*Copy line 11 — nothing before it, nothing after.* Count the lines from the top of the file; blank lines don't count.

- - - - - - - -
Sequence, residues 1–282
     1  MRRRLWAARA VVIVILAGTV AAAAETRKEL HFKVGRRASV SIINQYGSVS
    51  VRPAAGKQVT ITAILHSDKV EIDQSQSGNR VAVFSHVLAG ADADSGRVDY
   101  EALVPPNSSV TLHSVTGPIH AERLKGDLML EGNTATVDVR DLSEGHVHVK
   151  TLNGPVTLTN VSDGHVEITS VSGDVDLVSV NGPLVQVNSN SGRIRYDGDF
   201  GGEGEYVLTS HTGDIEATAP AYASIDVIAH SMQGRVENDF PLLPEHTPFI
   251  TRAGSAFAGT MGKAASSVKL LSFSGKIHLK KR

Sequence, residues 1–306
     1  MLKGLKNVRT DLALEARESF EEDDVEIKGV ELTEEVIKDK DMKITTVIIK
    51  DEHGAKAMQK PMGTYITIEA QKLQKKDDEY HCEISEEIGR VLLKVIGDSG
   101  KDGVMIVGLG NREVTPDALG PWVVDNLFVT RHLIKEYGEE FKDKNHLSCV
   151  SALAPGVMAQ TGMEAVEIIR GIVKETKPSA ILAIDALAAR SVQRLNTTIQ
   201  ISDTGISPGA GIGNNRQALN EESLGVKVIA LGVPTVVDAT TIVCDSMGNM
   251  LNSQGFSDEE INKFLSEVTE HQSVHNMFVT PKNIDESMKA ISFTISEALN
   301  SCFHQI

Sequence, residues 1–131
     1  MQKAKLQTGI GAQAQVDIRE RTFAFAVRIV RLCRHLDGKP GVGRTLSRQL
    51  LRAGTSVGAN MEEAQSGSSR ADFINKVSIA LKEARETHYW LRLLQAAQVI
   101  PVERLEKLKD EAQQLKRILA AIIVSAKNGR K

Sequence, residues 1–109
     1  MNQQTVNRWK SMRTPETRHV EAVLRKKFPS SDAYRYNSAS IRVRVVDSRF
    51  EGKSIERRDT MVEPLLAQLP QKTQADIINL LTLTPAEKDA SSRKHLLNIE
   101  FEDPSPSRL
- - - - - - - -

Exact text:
   101  KDGVMIVGLG NREVTPDALG PWVVDNLFVT RHLIKEYGEE FKDKNHLSCV